The CBO has analyzed Rep. Paul Ryan’s budget proposal, finding what we already knew: it cuts Medicare, Medicaid, SCHIP and Social Security, in some instances, quite deeply. Medicaid and SCHIP funding would go from 2 percent of GDP in 2011 to 1¼ percent in 2030 and 1 percent in 2050. He also stipulated to the CBO that they calculate the budget impact assuming that the Affordable Care Act is not implemented, and the federal government does not pay insurance subsidies for lower income Americans.
The Medicaid and SCHIP cuts are the deepest, with Ryan turning Medicaid into a state-run block grant, essentially taking the federal government out of the picture for providing health care to low income individuals, which includes seniors in care facilities, saving federal tax dollars by just leaving the states—and these individuals—to fend for themselves.
That, Ryan said in an op-ed he wrote today in the Wall Street Journal (quoted in this Washington Post story), “strengthens the safety net by returning power to the states, which are in the best position to tailor assistance to their specific populations.” Yes, impoverishment of the states is returning power to them. His cuts to food stamps and Pell grants are no doubt also empowering, in that Ayn Rand kind of way.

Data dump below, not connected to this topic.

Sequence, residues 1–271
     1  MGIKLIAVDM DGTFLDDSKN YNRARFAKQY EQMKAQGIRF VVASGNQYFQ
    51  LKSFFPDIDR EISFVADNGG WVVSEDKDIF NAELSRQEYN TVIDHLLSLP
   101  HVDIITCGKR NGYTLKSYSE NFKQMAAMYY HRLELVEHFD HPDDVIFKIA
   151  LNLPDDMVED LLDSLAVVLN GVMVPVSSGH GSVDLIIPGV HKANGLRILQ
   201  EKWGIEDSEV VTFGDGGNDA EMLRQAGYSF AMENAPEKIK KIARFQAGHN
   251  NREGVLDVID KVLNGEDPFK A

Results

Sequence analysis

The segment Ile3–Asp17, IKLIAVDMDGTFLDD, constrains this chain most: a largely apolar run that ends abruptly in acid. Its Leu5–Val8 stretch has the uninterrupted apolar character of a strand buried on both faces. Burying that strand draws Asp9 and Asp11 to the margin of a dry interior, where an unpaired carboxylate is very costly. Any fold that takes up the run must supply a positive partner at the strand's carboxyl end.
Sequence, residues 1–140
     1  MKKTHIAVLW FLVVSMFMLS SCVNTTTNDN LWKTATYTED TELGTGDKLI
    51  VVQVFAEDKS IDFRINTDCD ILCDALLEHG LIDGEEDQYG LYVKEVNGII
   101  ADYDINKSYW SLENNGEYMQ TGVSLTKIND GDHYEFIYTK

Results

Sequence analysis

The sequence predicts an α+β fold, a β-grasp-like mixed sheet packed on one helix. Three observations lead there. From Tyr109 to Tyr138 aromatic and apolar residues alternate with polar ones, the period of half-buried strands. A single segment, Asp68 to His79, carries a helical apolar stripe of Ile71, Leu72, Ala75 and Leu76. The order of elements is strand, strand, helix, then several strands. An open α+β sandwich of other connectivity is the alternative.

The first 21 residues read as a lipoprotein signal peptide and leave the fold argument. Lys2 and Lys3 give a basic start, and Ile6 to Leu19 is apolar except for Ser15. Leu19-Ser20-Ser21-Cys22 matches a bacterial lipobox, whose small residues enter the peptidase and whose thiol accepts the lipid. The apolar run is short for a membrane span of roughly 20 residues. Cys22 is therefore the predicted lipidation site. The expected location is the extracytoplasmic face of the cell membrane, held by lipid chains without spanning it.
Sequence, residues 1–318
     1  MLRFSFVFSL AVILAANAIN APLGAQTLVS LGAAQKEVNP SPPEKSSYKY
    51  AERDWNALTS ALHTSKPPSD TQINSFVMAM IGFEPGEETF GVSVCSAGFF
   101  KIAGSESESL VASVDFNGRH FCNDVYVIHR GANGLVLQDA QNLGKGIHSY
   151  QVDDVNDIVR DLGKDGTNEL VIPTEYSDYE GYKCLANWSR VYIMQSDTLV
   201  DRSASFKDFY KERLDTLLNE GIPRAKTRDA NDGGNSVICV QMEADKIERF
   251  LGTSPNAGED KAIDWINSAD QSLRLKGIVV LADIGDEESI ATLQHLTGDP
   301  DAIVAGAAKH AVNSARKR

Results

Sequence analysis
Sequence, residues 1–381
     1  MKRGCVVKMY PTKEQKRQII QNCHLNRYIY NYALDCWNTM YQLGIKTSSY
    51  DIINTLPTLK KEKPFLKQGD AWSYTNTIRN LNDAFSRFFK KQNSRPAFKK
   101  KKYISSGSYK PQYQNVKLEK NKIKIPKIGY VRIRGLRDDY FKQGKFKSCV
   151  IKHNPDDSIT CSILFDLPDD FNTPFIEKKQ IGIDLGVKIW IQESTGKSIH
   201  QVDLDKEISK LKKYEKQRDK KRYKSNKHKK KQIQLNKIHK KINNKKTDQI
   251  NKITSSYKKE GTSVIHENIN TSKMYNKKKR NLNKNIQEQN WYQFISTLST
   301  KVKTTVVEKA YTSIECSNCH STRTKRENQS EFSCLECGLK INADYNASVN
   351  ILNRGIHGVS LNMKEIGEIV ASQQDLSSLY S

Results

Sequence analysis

Meanwhile, defense spending is not cut. Tax rates for the wealthy and for corporations are slashed:
That would be a reduction from the current top marginal rate of 35 percent. The plan would also lower the top corporate income tax rate to 25 percent and virtually eliminate taxes on corporate profits brought back from overseas. And it would do away with the Alternative Minimum Tax, which was designed to hit the wealthiest taxpayers but increasingly also affects upper-middle-income earners.
Ryan pretends that the Affordable Care Act doesn’t exist. He pretends that health care costs won’t continue to rise, and that health care programs won’t need to increase spending to keep up with those costs. He likewise pretends that college costs won’t rise, and thus cuts Pell grants. He pretends that people in America aren’t hungry, and thus cuts food stamps. He pretends that tax cuts for the wealthy will actually do what they’ve never done, and will miraculously spur job growth and an expansion of the economy.
And for this, the Very Serious People will pretend that Ryan is a serious lawmaker.